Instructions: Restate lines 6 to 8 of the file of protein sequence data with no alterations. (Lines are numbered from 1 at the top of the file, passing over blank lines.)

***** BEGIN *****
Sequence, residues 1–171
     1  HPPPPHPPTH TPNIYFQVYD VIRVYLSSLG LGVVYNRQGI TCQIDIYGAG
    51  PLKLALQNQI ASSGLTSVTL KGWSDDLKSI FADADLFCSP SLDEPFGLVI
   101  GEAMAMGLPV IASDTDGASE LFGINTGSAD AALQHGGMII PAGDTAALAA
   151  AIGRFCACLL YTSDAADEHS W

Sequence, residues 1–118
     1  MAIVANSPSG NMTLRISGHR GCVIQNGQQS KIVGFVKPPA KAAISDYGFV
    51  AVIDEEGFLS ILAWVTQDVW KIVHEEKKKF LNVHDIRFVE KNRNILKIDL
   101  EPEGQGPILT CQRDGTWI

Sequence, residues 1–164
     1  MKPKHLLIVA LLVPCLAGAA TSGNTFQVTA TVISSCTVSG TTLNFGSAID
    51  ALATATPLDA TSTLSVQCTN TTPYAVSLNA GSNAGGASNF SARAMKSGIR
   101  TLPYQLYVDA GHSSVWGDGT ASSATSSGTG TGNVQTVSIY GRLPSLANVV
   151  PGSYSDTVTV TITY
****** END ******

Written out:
Sequence, residues 1–118
     1  MAIVANSPSG NMTLRISGHR GCVIQNGQQS KIVGFVKPPA KAAISDYGFV
    51  AVIDEEGFLS ILAWVTQDVW KIVHEEKKKF LNVHDIRFVE KNRNILKIDL